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Adaptation of innate immune cells to persistent viral infection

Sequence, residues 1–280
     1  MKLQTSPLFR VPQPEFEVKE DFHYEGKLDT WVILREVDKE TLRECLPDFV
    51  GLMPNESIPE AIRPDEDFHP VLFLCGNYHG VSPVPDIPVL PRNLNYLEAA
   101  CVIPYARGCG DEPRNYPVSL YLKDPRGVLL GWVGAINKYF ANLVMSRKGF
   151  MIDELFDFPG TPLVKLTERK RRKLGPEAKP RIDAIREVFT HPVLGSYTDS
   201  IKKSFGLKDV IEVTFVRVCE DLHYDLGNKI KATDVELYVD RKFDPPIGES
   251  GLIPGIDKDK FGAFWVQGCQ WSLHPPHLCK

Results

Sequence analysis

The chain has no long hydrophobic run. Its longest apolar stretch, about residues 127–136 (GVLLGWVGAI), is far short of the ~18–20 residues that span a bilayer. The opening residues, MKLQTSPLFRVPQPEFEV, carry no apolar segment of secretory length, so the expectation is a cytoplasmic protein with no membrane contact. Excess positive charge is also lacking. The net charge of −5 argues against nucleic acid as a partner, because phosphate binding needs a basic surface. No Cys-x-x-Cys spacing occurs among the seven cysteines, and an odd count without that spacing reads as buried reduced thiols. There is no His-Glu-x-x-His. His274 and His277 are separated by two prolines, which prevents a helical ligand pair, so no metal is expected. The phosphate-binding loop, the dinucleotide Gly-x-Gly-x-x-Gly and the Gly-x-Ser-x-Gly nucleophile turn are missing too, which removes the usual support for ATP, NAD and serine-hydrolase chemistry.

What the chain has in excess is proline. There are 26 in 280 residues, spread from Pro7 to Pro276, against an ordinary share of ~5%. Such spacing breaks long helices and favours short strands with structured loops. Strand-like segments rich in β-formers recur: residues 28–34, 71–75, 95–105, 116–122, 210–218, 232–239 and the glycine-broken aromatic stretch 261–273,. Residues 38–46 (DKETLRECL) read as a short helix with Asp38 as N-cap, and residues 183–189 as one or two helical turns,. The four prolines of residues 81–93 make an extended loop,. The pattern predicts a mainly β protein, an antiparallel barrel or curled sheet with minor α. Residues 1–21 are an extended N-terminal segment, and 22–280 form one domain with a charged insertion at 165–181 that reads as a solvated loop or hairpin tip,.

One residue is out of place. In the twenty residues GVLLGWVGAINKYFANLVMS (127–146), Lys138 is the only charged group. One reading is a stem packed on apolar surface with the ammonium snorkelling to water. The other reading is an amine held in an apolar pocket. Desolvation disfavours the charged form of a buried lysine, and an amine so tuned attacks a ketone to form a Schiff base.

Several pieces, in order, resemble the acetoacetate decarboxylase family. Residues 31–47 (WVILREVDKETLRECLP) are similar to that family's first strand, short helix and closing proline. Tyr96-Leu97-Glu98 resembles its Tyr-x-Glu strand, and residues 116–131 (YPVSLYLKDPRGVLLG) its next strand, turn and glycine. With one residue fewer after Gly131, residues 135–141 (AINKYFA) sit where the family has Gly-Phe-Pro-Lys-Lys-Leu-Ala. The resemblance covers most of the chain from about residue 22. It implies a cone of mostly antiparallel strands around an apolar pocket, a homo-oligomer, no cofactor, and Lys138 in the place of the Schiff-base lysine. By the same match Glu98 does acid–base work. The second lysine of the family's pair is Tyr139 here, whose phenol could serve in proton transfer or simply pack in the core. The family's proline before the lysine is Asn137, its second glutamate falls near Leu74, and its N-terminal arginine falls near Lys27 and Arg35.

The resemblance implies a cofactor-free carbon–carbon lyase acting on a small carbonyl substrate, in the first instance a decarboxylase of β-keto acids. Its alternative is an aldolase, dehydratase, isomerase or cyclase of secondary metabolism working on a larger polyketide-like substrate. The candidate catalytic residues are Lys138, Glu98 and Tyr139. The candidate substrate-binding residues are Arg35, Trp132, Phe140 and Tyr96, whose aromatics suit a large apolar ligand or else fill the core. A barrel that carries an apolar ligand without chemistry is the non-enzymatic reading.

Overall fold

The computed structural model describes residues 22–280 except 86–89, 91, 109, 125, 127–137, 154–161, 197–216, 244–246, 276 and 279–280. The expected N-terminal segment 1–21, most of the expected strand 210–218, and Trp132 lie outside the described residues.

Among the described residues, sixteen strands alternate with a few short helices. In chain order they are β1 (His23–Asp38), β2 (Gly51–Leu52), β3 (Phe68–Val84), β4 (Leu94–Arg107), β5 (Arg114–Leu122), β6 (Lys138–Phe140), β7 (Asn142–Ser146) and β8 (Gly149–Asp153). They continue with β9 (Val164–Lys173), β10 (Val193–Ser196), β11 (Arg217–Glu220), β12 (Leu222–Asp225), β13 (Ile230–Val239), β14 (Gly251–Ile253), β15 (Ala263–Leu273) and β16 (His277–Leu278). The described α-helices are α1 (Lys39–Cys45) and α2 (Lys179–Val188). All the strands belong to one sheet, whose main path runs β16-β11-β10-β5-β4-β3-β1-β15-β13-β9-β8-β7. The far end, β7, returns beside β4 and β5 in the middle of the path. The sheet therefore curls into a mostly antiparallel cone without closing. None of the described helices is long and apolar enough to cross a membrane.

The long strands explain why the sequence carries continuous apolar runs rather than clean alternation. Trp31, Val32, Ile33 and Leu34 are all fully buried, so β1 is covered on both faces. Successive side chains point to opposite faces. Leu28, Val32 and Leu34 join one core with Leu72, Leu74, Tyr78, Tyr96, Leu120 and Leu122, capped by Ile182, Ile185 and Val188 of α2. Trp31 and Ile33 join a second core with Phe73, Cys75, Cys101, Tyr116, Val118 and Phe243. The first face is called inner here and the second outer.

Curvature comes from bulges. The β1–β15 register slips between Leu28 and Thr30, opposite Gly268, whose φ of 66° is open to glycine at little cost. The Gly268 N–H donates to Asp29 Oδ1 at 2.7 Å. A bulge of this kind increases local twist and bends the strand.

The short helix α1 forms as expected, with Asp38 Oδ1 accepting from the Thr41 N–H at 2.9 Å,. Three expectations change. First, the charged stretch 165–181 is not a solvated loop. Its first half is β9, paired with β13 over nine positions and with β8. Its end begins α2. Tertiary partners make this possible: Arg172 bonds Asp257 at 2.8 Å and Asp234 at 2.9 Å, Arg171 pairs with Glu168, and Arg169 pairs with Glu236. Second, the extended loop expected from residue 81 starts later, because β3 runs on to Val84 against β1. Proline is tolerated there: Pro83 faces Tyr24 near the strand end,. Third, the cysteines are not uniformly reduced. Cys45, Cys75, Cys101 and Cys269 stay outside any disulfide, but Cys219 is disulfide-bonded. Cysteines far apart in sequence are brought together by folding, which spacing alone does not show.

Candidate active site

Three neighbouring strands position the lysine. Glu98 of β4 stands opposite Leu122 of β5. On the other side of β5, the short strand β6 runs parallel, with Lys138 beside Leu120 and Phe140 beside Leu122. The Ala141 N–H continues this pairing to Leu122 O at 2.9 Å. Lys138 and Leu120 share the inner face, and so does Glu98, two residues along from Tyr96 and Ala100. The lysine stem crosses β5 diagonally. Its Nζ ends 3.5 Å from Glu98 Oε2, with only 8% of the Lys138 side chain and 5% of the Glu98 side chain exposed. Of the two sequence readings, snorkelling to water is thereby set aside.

During chronic infections, sustained cell adaptation has been mostly studied in the adaptive immune compartment but much less is known on how innate immune cells adjust to a persistently infectious milieu. Particularly, dendritic cells (DCs), which are central players in immune responses, adapt during chronic infections. However, the underlying mechanisms remain largely unknown. Thus, to understand how short-lived innate cells adapt to lifelong persistent infections, we first studied plasmacytoid DCs (pDCs), which specialize in Type I Interferon (IFN-I) production and often become functionally exhausted in chronic settings. Using a murine chronic viral infection model of lymphocytic choriomeningitis virus (LCMV), we found that bone marrow pDC progenitors exhibited quantitative and qualitative defects and failed to generate functional pDCs ex vivo in an IFN-I-dependent manner. Exhausted pDC numbers were, however, maintained by peripheral self-renewal via sustained proliferation of CD4- pDC subsets that was induced by IFN-I receptor and Toll-like receptor 7 (TLR7) signaling in a cell-intrinsic manner. In contrast, functional impairment of exhausted pDCs was independent of IFN-I receptor signaling. We further studied mechanisms underlying adaptation of progenitors, that can give rise to conventional DCs (cDCs) as well as pDCs, by determining the transcriptional and chromatin landscapes of bone marrow DC progenitors from LCMV-infected mice and applying these datasets to Taiji algorithm to predict the activity of transcription factors (TFs). We found that, Glucocorticoid Modulatory Element Binding Protein 1 (Gmeb1), which was predicted to exhibit increased activity in progenitors during LCMV infection, suppressed pDC development in a glucocorticoid-dependent manner. Further studies revealed that glucocorticoid suppressed pDC development during LCMV infection. Gmeb1 also promoted development but suppressed maturation of cDC1s in a glucocorticoid-independent manner. Overall, our work provides a framework to understand how innate immune adaptation can be triggered and sustained during chronic viral infection. Moreover, by highlighting novel TF regulators of DC progenitors and their progeny, our work enhances our understanding of DC biology and unveils potential therapeutic targets to harness DCs.

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